Communicator (communicator) wrote,

Class and Higher Education

It's interesting to read this article which says that many teachers discourage their pupils from applying to Oxford or Cambridge. I was certainly strongly discouraged by my teachers. I was told that as a person from a council estate and a comprehensive school I would not be considered an acceptable candidate. I was also told that even putting Oxford or Cambridge as a choice on my UCAS form would result in me being shunned by any other college I applied to, because they would think I was ... I can't remember the term that was used. It wasn't uppity, but that was the implication. I was also told that you had to have a personal contact or recommendation within a college to be considered. As a 17 year old lass I didn't know any different.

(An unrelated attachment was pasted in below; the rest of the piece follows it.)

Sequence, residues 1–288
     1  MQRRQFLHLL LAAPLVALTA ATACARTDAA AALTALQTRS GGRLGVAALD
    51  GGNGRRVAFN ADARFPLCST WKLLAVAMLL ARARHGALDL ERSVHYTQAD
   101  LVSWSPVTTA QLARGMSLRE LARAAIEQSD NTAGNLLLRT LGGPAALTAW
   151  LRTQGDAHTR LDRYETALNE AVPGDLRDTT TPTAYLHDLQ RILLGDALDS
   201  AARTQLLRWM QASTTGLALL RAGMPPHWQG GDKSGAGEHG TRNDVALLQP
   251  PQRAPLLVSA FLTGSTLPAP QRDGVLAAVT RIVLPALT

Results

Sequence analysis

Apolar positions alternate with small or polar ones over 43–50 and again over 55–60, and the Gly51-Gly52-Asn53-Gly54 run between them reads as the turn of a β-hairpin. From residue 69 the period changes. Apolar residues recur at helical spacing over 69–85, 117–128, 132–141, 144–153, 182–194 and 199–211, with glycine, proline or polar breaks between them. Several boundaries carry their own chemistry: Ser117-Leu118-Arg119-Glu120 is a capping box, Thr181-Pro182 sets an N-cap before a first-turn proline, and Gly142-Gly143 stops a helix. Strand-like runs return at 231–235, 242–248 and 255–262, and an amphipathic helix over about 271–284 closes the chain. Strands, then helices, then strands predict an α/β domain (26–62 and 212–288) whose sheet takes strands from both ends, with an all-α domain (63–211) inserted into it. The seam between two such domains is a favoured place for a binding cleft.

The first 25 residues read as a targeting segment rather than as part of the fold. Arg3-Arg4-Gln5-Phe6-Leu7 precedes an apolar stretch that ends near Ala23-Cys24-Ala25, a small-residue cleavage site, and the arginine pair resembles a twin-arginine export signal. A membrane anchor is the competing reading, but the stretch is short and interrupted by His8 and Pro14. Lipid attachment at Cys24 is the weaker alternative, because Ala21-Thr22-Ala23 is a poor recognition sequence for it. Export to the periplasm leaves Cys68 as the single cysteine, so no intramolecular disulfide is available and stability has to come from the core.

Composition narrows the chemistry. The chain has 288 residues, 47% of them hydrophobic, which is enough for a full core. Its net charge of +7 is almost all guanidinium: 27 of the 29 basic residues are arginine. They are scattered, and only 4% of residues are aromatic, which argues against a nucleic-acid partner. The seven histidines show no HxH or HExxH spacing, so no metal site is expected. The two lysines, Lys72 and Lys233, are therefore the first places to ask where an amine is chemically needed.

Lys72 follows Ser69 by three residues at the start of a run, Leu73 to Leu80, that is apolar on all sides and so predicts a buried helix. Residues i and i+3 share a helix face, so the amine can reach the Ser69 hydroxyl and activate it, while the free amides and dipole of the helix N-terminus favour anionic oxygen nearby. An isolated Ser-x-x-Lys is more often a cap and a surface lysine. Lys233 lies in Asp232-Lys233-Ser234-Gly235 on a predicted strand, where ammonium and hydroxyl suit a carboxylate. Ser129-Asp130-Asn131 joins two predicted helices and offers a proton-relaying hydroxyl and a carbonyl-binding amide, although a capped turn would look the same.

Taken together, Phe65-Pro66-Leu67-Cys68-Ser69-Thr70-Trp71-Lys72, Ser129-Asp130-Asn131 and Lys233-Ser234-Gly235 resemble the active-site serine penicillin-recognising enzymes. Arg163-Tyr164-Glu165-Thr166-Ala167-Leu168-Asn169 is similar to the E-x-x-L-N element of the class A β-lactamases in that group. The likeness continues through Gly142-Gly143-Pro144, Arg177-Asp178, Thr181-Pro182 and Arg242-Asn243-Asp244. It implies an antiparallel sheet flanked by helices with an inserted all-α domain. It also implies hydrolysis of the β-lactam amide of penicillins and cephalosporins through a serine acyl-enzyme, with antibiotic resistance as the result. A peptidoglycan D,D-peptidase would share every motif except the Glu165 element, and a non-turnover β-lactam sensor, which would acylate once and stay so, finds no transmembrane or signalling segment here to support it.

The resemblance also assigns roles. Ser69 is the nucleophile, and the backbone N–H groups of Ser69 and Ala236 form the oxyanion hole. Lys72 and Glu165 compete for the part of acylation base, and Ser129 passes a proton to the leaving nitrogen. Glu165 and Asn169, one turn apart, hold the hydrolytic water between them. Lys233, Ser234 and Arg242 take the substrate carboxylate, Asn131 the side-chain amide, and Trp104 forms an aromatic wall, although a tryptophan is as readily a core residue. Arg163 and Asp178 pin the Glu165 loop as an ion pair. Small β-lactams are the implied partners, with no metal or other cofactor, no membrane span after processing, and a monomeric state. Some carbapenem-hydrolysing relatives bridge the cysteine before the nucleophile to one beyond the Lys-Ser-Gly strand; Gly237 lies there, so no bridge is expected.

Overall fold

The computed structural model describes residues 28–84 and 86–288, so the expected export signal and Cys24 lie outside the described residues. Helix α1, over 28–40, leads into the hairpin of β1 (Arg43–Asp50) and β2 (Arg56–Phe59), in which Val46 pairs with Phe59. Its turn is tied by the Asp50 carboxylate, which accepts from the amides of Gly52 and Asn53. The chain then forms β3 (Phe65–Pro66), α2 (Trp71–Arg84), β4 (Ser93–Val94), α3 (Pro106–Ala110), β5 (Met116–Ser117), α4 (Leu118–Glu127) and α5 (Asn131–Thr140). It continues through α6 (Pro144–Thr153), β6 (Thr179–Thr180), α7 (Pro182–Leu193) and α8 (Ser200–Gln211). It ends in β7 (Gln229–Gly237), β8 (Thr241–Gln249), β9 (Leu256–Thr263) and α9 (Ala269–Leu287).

It's surprising what effort teachers used to put in to try to prevent working class people from getting on. We would be constantly told that doors were closed to us, that we would be unhappy or uncomfortable if we tried, that there was no point in trying. H was told he should go and work the mines like his dad. I wasn't allowed to do A level English on the basis that 'You would have to read books'. This is despite getting a double A in English at O level. Middle class kids with much lower grades than me were allowed into the class. But more than this overt discrimination, it was the sour looks and discouraging words.

I think it was to try to overcome these barriers that the school league tables and so on were instituted, and the attempt to extend Higher Education to a very high proportion of school leavers. It's a crude and perhaps even destructive lever, but it was an attempt to address a hidden exclusion which must have affected millions of young people like me. The ones who were less aggressive and bolshy than me probably took the teachers' advice and went to work in a factory.
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